• Provides program coordinators who work with students to ensure they have the learning materials, assignments, facilities, and faculty to get the most out of the program.
            • Over 50 campus locations nationwide.
            Good for Working Adults
            • Flexible Scheduling
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            • Received the 2015 and 2013 “Cooking School of the Year” Award of Excellence from the International Association of Culinary Professionals (IACP).
            • Accredited by the Accrediting Commission of Career Schools and Colleges (ACCSC).
            • Externship opportunities are available at numerous famous New York City restaurants.
            • Campus is located near downtown Manhattan, within walking distance of many popular attractions such as the Radio City Music Hall.
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            • Hands-on culinary education with focused attention on each student
            • An ACCSC School of Excellence with multiple “Best Vocational Cooking School” awards*
            • 15,000 graduates, including celebrities like Bobby Flay, David Chang, and Christina Tosi*
            • Programs in Culinary Entrepreneurship, Professional Culinary Arts, Professional Pastry Arts, and much more
            • Campuses in New York and Silicon Valley with nearby housing available
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            • Students get real-world experience through the required externship at the end of the program.
            • Curriculum includes laboratory sessions, academic preparation and hands-on experience.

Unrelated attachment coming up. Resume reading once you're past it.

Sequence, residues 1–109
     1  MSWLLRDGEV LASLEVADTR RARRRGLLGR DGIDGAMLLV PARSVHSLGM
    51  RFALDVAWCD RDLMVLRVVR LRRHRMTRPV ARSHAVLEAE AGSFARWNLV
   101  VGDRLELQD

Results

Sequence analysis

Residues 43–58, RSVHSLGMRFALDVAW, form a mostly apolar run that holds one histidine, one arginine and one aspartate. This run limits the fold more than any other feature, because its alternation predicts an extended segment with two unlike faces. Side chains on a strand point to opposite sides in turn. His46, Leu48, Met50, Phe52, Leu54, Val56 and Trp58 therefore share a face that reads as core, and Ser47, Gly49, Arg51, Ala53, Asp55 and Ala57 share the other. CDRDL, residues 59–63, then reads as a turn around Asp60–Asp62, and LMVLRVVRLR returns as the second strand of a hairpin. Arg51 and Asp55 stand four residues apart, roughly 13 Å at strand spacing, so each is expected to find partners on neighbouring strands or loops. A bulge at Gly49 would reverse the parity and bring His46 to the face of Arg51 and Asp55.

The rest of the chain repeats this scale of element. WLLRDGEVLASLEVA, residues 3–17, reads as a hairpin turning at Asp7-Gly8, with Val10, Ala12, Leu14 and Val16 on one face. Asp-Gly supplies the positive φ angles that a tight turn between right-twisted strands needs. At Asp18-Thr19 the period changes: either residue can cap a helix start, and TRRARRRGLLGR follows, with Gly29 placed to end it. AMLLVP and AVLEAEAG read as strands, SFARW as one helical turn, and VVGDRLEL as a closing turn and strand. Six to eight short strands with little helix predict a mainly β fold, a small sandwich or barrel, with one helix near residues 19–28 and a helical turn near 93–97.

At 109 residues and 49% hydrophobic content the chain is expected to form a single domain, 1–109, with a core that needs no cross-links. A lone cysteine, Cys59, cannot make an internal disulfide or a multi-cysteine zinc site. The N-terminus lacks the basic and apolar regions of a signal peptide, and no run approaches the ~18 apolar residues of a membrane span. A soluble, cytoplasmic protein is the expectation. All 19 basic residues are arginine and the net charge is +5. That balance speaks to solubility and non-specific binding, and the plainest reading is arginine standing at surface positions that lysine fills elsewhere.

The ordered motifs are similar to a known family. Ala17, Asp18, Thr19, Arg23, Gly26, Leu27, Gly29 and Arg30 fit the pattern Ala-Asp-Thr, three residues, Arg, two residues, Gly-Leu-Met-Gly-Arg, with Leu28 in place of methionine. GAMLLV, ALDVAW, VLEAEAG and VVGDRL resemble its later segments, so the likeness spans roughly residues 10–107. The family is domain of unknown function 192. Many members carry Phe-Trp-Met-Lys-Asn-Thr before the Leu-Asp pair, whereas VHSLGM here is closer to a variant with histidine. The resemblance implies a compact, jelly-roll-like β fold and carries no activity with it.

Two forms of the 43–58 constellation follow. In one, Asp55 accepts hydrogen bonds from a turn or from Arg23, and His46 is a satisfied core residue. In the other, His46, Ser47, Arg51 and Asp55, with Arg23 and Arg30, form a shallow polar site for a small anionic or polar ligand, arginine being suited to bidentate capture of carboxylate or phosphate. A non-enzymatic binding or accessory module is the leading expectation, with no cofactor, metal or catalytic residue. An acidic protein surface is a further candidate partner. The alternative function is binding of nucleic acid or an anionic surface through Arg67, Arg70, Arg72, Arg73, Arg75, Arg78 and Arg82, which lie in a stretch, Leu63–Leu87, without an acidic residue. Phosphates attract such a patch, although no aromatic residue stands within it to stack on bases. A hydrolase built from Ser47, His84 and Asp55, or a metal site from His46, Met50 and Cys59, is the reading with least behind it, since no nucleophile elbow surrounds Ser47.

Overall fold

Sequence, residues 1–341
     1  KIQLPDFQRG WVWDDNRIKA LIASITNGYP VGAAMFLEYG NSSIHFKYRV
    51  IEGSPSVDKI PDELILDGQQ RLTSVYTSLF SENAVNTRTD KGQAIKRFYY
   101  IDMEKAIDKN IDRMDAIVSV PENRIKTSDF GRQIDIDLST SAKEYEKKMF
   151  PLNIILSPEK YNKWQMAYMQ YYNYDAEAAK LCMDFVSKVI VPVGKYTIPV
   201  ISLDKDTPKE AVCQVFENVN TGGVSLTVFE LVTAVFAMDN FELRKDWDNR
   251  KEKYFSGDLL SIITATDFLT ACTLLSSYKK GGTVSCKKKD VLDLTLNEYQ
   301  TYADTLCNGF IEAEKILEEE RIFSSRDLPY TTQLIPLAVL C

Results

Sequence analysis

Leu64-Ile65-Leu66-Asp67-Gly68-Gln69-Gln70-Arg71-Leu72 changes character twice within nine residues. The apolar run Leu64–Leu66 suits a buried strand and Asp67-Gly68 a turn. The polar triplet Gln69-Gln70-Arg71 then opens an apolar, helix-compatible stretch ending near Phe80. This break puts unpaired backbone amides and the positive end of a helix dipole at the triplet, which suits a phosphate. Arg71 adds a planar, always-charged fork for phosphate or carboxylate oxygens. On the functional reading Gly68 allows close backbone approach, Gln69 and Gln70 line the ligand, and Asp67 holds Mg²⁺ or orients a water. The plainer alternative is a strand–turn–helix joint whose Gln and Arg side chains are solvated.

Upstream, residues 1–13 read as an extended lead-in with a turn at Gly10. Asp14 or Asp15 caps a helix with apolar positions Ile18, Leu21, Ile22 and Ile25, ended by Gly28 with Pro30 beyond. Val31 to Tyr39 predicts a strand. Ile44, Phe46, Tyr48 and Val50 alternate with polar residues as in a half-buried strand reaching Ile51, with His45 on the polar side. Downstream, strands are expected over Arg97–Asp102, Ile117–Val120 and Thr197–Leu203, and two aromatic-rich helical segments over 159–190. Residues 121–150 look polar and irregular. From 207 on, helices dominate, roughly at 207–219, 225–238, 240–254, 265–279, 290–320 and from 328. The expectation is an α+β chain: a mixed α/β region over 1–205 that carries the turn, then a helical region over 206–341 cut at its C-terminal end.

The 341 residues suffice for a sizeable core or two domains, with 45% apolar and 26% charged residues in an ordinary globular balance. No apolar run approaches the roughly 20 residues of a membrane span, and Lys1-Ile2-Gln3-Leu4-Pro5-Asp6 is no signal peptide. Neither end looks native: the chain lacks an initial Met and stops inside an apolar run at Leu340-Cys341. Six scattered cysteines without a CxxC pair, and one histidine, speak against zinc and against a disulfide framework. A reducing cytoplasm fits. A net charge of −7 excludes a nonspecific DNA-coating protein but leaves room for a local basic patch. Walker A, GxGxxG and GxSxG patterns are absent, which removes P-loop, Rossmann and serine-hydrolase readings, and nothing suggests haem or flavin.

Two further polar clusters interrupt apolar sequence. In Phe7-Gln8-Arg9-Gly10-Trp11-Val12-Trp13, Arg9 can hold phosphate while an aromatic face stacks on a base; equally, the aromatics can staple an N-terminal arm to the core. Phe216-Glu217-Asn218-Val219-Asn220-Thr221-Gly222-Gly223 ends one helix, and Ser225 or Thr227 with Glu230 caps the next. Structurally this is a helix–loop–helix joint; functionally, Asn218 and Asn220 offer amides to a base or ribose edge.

• Program objectives are to provide students with skills needed for cooking wholesome, attractive, food preparations and to assist graduates in obtaining positions in the food service industry.
            • Accredited by the American Culinary Federation (ACF).
            • Has campuses in Melbourne, Sarasota, and Tallahassee, Florida
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            Lackawanna College is the premier, private, accredited two-year college serving the people of northeastern Pennsylvania. With a focus on keeping higher education affordable and accessible to our immediate community, Lackawanna draws 80 percent of its student population right from our own region.

            With a main campus situated in downtown Scranton, Lackawanna’s expanding footprint also includes satellite centers in Hawley, Hazleton, New Milford, and Towanda.

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            • Ranked among the Best Colleges in the South in 2015 by U.S. News and World Report.
            • Ranked the 13th  Best College for Veterans in 2015 by U.S. News and World Report.
            • A private institution founded in 1977 with a current total undergraduate enrollment of over 15,00.
            • Its student-faculty ratio is 12:1, and 89.3% of classes have fewer than 20 students.
            • Has students attend one class at a time to ensure easy access to faculty and a more hands-on education.
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            • Offers educational opportunities for the aspiring, career-minded chef.
            • Students are trained by professional chefs and spend the majority of their final term working in the campus restaurant to learn all phases of the culinary industry.
            • St. Louis campus offers new Food Truck Entrepreneurship courses.
            • Has a student-run food truck that tours around St. Louis.
            • All campuses have a public restaurant where food is prepared and served by students.
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            Good for Working Adults
            • Flexible Scheduling
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            • Transferable Credits